Gardening in Florida is tricky business. Blessed with year-round growing temperatures and ample sun, the Florida farmer is often vexed by a complicated array of not easily solved problems. In permaculture, we learn that the problem is the solution and more often than not, what we want is not what the garden wants to give. Take the garden staple tomato as example. Everyone wants to grow them, we love to eat them, but the fact is, they simply don’t grow very well here. Of course, there are always exceptions. I’ve had excellent tomato plants that were prolific producers, though season in and season out, this fruit is the ficklest of them all. We don’t want to spend the day fighting with the garden and its various interlopers because we’ll end up burning more calories than we grow…and that my friend is futile.
The other thing we don’t want to do is spend all our money purchasing nutrients. Yes, it’s easier to go to the store and buy all the things a garden needs in neat pre-packaged plastic bags. We could also forgo the idea of starting a garden in the first place and buy our produce from the local grocery store. If you’re following along with this blog and you’re thinking that this gardening stuff is hard work, you’re correct. It is much easier NOT to grow food, but is that really something we should leave to large industrial corporations?
I won’t re-hash all the informative statistics and evidence of how three to four giants control our food supply and how our food is turning into nutritionless frankenfood. Pick up any recently written piece by Michael Pollan and you’ll get an eyeful. Growing food for me is personal and the personal is political.
Not everyone has the skills, knowledge or ambition to grow food, nor should they, but we all have to eat. In most developed countries, we trade money that we make at a job, for food we purchase at the grocery store. This seems to be completely rational behavior. Believe me, I question myself everyday, asking why would I want to coax food out of the ground, when I can be at the Publix in seven minutes and have a cart full of groceries within a half hour? Must I be insane?
No, I am a quiet activist, who enjoys tasty and nutritious food. There is a pervasive notion in this country that we must acquire more things and acquire them through debt and working a job that we may not find fulfilling. What if we decide to NOT participate in this aspect of citizenry? This requires discipline in actively reducing one’s reliance on outside inputs or becoming independently wealthy. Either way, the concept of being truly free in a democratic society is beyond our reach, unless we are able to choose or not choose to take part in the status quo economy and at what level.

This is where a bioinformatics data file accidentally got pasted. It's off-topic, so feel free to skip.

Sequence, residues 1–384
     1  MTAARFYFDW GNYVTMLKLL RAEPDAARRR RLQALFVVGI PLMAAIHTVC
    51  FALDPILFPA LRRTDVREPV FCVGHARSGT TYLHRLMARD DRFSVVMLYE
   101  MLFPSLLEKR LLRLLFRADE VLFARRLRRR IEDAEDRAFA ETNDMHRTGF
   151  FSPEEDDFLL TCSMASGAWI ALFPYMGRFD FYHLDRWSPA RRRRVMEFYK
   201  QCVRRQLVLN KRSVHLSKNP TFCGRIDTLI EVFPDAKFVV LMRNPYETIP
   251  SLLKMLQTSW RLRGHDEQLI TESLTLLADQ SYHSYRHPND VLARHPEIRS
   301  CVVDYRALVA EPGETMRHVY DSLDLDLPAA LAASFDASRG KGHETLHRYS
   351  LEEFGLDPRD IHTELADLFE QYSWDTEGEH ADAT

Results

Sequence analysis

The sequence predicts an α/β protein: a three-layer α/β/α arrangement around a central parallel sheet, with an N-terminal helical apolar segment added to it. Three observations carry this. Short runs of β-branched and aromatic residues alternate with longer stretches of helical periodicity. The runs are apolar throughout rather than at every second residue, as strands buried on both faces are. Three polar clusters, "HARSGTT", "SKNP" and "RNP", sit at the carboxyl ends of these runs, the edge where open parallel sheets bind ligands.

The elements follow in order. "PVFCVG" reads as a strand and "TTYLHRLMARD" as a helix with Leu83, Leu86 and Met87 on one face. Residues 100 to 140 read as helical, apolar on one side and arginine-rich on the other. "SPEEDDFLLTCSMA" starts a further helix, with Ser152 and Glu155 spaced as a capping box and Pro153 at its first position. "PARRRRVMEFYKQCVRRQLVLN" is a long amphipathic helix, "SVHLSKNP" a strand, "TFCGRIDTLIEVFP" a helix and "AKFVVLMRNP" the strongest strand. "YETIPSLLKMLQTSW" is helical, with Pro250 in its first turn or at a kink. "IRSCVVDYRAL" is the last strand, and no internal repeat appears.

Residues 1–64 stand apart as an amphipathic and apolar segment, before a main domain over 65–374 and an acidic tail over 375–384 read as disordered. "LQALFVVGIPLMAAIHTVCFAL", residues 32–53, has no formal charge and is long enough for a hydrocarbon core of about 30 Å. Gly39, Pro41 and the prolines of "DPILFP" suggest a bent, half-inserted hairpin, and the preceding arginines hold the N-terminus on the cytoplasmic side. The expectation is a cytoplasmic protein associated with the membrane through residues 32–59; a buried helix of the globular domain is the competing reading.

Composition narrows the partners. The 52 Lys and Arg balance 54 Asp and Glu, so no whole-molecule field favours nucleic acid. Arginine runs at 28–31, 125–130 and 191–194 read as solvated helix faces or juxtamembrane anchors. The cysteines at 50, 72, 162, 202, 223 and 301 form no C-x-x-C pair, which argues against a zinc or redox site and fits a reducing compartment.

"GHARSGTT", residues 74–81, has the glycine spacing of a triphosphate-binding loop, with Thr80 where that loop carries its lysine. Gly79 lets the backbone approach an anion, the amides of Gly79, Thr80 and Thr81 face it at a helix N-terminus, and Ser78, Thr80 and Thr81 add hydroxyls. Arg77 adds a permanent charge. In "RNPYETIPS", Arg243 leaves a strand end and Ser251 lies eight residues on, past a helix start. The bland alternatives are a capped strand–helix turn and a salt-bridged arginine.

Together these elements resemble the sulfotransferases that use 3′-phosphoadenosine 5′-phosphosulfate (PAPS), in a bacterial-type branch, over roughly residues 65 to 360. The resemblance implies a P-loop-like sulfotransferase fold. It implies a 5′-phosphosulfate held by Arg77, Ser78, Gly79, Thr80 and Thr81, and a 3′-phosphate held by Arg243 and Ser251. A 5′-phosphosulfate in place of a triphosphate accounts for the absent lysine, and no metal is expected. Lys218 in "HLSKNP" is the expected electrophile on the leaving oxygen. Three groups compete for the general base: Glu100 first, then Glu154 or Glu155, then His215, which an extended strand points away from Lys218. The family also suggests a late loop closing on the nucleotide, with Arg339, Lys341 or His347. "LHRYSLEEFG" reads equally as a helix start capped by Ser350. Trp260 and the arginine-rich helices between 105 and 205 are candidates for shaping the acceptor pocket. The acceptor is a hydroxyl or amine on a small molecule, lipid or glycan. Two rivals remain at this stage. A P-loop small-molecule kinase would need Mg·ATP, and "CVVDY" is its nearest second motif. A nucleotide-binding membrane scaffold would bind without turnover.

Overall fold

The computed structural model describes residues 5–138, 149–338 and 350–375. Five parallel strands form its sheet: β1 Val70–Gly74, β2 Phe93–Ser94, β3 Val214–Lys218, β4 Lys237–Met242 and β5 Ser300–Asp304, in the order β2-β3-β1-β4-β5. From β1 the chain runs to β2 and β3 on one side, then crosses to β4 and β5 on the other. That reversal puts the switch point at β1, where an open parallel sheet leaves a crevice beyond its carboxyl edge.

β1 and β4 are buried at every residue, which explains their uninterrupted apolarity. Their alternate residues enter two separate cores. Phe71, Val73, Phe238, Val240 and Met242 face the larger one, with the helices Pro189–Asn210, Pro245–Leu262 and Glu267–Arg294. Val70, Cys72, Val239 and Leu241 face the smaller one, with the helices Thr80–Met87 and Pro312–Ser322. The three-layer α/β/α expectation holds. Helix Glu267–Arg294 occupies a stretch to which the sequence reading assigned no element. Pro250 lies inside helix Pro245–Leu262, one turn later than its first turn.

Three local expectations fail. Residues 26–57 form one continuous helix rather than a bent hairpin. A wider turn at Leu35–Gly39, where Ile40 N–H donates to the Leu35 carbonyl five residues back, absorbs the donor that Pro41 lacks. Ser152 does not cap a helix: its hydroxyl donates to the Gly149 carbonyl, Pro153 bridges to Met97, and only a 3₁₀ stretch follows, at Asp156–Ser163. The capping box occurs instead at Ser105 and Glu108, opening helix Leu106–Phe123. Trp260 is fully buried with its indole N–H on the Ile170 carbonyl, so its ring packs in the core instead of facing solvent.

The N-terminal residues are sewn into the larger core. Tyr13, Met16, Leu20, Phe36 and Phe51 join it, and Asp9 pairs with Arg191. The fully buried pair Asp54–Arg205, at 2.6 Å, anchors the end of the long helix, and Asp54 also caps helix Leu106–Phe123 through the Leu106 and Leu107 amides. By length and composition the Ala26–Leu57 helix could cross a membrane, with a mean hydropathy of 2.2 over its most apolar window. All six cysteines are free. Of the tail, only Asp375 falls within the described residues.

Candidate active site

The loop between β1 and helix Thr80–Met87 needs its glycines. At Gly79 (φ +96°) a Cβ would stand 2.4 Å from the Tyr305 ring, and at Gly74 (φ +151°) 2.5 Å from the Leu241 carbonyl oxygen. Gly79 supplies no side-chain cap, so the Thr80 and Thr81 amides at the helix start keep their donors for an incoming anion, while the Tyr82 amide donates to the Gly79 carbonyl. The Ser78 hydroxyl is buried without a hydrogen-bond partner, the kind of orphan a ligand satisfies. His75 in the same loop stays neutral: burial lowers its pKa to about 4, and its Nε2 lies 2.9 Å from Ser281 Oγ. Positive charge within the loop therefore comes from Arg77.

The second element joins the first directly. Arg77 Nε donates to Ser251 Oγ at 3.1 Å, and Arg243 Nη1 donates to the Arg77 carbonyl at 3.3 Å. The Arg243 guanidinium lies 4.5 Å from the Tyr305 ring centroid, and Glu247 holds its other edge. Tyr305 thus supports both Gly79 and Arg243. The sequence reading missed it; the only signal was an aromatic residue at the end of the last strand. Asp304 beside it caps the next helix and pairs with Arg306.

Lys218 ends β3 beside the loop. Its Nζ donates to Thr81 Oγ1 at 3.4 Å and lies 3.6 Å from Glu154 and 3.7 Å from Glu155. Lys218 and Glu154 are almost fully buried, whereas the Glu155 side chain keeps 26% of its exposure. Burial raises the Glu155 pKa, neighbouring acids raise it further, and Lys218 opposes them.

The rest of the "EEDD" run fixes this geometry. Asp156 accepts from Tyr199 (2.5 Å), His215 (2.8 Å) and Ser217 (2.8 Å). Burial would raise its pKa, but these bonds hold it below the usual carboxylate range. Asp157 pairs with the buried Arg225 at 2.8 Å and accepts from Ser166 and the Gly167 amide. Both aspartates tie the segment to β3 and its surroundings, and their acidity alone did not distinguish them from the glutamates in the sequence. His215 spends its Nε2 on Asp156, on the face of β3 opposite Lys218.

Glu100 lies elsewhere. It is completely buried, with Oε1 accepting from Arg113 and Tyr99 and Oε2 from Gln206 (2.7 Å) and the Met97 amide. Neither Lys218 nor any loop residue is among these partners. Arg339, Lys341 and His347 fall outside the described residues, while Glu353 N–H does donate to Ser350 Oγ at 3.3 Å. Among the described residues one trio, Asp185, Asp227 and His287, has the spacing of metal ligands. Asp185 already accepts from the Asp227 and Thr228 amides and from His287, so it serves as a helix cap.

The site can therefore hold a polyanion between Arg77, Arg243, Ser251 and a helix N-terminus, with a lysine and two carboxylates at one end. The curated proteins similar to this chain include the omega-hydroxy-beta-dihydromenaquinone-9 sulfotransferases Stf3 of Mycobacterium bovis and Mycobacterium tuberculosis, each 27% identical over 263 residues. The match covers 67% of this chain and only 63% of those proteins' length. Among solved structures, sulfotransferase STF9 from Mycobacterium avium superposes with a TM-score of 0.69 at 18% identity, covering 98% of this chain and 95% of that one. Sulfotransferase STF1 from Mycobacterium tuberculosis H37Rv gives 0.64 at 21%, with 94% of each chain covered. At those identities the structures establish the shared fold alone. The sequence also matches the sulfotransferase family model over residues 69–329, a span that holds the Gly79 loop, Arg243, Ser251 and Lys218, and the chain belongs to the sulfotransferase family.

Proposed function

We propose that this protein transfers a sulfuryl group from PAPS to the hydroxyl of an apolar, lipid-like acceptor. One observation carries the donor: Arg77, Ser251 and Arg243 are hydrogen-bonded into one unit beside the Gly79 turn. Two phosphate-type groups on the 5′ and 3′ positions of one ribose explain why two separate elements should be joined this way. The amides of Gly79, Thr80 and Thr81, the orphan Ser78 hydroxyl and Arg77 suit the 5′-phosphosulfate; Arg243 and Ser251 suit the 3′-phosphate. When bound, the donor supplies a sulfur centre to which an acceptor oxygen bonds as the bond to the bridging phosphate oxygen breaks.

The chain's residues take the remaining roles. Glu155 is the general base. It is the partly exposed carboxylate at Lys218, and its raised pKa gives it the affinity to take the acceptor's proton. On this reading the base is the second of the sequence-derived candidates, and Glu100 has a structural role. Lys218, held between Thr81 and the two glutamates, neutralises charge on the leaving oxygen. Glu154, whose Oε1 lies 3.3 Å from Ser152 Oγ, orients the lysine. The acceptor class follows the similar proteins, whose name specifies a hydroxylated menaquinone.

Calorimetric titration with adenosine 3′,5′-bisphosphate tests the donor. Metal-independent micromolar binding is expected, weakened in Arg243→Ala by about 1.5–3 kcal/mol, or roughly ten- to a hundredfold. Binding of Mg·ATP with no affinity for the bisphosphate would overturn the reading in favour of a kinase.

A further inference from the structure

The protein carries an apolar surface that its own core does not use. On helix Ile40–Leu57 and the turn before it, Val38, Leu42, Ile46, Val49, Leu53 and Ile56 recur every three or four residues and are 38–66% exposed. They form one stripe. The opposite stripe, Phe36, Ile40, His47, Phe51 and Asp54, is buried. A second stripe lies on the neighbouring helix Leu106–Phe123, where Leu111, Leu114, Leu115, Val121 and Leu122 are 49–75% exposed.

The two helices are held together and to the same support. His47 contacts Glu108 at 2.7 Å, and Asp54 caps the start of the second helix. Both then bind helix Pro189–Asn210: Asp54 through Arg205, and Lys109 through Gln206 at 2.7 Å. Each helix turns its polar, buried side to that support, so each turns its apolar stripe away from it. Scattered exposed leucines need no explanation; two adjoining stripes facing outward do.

Growing food is one way to reclaim some of these choices. Further decoupling from the formal economy by choosing to reduce our ecological footprint and living a less energy intensive life can provide even more freedom and choice. It’s no secret that the wealthiest 10% of the population hold more wealth, and control more GDP than the other 90%. The income disparity grows by the year as the middle class vanishes. Real incomes adjusted for inflation have decreased over the last few decades and more people will slip into poverty and go hungry in 2010 than any time since the great Depression. Yet, we continue to believe the next year will be better or somehow we will miraculously return to the past of borrowing and buying our way to exponential growth and a joyous good time for all.
I am choosing to grow food. I grow food so my family can eat well. I grow food because I am passionate about growing food. I grow food to sell to others who want to eat well, but are unable to grow their own food. I choose to grow food because it is a valuable skill that requires a certain knowledge of ancient biological mechanisms, something that few individuals possess or are interested in acquiring. I grow food because it is empowering. I grow food because it is a worthwhile job to do.